Foster children in Texas may not be able to get the full range of vaccines for which they are eligible, the state legislature decided recently, with the HPV vaccine in particular a target. Connie Trimble, an HPV and cervical cancer expert at Johns Hopkins, says such a choice is indefensible.

Trimble:  We are the first generation fortunate enough, maybe we’re the second, but we grow up expecting to know our grandparents. That’s because of three basic public health advances: running water, antibiotics, and vaccines. The idea that somebody could prevent a child from being protected against diseases that could kill them and also infect people with whom they interact who are vulnerable because they themselves can’t be vaccinated. It doesn’t just stop with the kid.   :30

Proponents of the legislation are citing parental rights as the reason to withhold vaccination for children in the foster care system until dispensation for the child is decided. Trimble notes that for many, such a posture is tantamount to assuring that no vaccines will be given. At Johns Hopkins, I’m Elizabeth Tracey.

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Senior man communicating with a male doctor in the office.

This week’s topics include patient monitoring of cancer symptoms and survival, negative impact of alcohol consumption, lymph node dissection in melanoma, and significance of small aneurysms in brain.

0:32 Patient monitoring of cancer symptoms and survival
1:34 Reported to nurse
2:39 Advanced melanoma and lymph node dissection
3:35 Half had dissection and survival observed
4:46 What do sentinel nodes really tell us?
5:06 Small aneurysms in the brain
6:06 Less than 3mm zero percent ruptured
7:07 High blood pressure not considered high risk
7:43 The negative impact of alcohol consumption
8:43 Region specific atrophy
10:01 End

Related blog: https://podblog.blogs.hopkinsmedicine.org/2017/06/12/paying-attention-to-cancer-symptoms/

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HepatitisThis week’s topics include treating resistant hepatitis C infection, a new regimen for breast cancer, evolution of non-small cell lung cancer, and minocycline for MS.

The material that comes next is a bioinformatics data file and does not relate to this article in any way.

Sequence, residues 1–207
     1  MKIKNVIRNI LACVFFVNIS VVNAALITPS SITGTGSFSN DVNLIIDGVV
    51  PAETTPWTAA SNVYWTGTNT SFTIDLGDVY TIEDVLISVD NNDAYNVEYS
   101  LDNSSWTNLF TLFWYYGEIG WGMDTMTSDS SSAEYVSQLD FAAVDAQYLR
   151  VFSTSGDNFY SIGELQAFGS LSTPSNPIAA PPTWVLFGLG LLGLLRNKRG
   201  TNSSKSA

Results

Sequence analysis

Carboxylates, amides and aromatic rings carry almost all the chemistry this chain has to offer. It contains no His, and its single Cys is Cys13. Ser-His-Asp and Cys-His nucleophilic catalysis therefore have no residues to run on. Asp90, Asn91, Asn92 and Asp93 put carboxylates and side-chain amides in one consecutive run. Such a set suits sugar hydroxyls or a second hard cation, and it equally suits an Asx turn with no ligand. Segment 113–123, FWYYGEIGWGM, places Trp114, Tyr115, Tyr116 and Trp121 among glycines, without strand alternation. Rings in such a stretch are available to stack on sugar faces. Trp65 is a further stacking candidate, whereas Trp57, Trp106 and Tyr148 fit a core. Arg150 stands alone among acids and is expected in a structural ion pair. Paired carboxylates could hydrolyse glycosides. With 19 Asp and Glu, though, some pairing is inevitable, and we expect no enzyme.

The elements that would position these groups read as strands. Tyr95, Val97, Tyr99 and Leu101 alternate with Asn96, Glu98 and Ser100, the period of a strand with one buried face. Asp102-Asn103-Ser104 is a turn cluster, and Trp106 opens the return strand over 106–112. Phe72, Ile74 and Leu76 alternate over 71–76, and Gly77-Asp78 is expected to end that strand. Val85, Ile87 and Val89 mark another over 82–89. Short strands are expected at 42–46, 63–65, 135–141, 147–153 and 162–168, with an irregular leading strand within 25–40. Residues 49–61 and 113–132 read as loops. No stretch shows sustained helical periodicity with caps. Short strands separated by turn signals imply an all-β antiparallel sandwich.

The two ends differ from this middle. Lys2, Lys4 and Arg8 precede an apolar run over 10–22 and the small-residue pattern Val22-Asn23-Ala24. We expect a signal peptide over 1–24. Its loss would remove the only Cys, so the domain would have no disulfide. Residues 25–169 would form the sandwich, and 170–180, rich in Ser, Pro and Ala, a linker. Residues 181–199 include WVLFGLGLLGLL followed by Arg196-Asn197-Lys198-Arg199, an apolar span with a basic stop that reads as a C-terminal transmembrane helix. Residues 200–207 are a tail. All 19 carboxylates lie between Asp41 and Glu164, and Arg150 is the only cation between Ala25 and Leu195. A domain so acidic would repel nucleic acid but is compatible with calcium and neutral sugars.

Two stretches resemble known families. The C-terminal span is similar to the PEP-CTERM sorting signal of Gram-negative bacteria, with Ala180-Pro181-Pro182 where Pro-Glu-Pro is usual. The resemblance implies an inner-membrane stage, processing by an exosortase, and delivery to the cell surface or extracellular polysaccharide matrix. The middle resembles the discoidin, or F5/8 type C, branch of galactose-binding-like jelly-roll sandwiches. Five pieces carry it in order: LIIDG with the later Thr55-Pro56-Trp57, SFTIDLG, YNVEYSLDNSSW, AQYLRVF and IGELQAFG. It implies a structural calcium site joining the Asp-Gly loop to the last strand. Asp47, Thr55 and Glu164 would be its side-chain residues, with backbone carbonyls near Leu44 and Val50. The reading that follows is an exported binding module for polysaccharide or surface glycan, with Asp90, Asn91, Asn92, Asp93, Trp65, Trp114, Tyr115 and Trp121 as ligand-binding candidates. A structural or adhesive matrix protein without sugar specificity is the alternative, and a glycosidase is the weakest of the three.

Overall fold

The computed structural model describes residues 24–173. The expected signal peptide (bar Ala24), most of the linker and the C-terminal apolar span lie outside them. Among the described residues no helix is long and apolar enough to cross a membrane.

Program notes:
0:44 Evolution of lung cancer
1:42 Did genetic analysis of whole tumor
2:42 Insight into how to target therapy
3:13 Bad actor breast cancers
4:16 Disease free survival better
4:42 Minocycline for MS
5:43 Which progressed on drug
6:43 Identify who would respond
7:05 Treatment resistant hepatitis C
8:04 Sustained virologic response
9:03 No geographic difference
10:15 End
Related blog:
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Anchor lead: Cooling the body is recommended for some after a heart attack, but why? Elizabeth Tracey reports

 

If you have a loved one who’s had a heart attack, should you ask whether they would benefit from cooling their body, as recommended by the American Academy of Neurology recently? Michael Blaha, a cardiologist at Johns Hopkins, comments.

Blaha:I think it is worth family members who have a family member who’s had an out of hospital arrest to be aware of what the heart rhythm was and whether a shock was delivered in the field, and then to ask their doctors about whether cooling is right for their family member.  :13

Blaha says cooling works to prevent additional injury by a simple mechanism.

Blaha: It’s kind of like my fish in my fish pond. When they’re cooled they kind of nothing happens, their metabolism shuts down and then it warms up and all of a sudden they start swimming again. So you want to just slow the body’s metabolism down to the point where there’s not a whole lot going on so there’s less injury.   :14

Blaha notes that cooling also reduces the likelihood of fever, a common aftereffect of a heart attack. At Johns Hopkins, I’m Elizabeth Tracey.